By the time the Blue Jays and Tigers finished their whirlwind nine-hour trade discussion that sent ace left-hander David Price a couple hundred miles, from Detroit to Toronto, it was quite clear the Blue Jays had completed one of the great double plays in trade-deadline history. And it hasn't taken too much longer than that to fully understand the magnitude those two bold moves -- Price plus franchise shortstop Troy Tulowitzki -- had on Toronto, the AL East race and all of baseball.

Less than two weeks later, with Tulo and Price playing major roles, the previously underachieving Blue Jays have an 11-game winning streak, they erased an 8-game deficit in the division and they moved past the storied and big-spending Yankees into first place.

There's still a long way to go. The Jays had an earlier 11-game winning streak that fizzled and it may be a bit early to anoint their exciting deadline double the greatest ever (though they were named the top winner here after the deadline). But now, exactly a fortnight later, the two trades -- one initiated a half-year earlier and the other for all intents and purposes started and completed from 5:30 pm July 29 to 2:30 a.m. July 30 -- look like a potential pennant winner for the Jays.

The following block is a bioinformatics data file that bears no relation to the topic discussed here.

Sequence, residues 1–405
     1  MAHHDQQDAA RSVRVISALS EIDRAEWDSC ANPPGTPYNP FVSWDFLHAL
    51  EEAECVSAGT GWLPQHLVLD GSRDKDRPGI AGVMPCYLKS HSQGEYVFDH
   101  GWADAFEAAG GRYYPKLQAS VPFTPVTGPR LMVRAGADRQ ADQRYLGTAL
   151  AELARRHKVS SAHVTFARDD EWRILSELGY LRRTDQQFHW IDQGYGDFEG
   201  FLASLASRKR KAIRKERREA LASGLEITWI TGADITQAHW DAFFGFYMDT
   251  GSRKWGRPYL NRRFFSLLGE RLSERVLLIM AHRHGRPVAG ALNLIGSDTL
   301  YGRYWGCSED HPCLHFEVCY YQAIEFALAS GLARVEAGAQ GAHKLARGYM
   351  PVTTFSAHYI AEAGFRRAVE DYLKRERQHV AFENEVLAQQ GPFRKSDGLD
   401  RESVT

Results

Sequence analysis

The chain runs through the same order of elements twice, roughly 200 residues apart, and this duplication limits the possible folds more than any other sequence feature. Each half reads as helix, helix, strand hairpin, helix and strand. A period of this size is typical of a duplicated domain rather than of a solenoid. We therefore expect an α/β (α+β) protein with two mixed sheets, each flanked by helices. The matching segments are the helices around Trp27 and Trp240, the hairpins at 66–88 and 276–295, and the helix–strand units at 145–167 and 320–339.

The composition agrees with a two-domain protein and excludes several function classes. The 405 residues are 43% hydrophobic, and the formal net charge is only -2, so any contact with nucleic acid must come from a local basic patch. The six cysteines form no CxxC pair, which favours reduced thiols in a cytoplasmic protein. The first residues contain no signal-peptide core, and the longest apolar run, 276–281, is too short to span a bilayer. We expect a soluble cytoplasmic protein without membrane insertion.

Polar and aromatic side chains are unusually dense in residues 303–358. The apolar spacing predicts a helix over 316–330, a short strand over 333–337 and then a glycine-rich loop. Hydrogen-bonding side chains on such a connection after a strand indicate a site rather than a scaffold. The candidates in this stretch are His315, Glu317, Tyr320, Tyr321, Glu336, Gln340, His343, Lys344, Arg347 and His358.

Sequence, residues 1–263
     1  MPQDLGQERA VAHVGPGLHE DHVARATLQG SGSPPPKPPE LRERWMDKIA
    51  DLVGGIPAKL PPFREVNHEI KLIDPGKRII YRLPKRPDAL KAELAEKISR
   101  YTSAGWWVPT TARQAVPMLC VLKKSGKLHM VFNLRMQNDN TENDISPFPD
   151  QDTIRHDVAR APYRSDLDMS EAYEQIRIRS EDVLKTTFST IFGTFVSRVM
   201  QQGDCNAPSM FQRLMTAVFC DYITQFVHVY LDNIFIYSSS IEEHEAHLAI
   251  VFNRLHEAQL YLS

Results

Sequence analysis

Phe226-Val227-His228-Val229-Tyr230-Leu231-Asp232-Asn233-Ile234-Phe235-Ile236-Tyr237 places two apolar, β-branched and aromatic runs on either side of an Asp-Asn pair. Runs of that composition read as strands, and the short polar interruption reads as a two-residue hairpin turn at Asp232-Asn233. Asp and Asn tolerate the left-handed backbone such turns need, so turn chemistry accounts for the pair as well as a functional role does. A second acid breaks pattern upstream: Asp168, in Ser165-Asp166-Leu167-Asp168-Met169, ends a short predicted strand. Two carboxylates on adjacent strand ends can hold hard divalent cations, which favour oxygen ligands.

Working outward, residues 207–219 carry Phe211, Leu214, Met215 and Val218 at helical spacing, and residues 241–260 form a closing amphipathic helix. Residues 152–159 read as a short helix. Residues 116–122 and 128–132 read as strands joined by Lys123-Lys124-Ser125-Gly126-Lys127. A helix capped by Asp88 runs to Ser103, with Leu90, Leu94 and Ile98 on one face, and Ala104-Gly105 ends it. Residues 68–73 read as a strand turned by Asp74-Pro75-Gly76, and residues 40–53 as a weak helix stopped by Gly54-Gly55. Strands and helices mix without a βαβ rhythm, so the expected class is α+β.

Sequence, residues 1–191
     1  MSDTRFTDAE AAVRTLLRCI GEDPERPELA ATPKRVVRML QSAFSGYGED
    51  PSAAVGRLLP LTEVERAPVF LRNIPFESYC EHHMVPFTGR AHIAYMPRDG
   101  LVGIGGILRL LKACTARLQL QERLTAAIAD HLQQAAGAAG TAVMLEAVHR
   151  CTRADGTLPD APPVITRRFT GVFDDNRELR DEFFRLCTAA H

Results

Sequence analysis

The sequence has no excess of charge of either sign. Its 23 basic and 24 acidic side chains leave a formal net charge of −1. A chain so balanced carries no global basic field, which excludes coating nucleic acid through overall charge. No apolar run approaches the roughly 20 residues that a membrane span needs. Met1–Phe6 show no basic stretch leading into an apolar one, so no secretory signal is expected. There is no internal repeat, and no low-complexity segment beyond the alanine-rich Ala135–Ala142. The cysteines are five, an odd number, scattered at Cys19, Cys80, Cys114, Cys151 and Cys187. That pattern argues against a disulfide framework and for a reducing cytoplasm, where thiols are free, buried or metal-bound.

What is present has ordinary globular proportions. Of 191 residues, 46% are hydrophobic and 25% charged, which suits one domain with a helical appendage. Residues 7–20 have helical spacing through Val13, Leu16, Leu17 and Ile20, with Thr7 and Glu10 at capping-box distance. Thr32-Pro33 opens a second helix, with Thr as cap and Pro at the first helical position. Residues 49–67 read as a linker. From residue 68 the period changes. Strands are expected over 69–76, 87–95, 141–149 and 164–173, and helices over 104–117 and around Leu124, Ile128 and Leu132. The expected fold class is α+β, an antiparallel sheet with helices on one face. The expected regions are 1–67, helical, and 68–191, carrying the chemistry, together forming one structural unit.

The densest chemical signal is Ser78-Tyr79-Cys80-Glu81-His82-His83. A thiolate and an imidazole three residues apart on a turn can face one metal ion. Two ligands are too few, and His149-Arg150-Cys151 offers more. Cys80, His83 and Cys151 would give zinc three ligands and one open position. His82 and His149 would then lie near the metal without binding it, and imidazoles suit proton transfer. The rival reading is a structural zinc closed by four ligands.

Young GM Alex Anthopoulos shocked the baseball world with a brilliant winter double of superb catcher Russell Martin and MVP candidate Josh Donaldson, but those moves somehow only kept them in striking distance. By the time they were a seemingly unlucky 50-51, he was convinced they needed even more big moves.

David Price
The David Price Price blockbuster trade was built essentially in a day. (USATSI)

The two late-July blockbusters quickly have transformed their fine baseball town into the toast of baseball, with seven straight sellouts accompanying all the winning, even including midweek games against the also-ran A's.

So how did they pull it all off?

While the Price blockbuster was built basically in a day, the deadline double really began way back in the winter when Anthopoulos first called Colorado to propose a swap of big-name shortstops -- Jose Reyes for Tulo. It went nowhere, at least at first.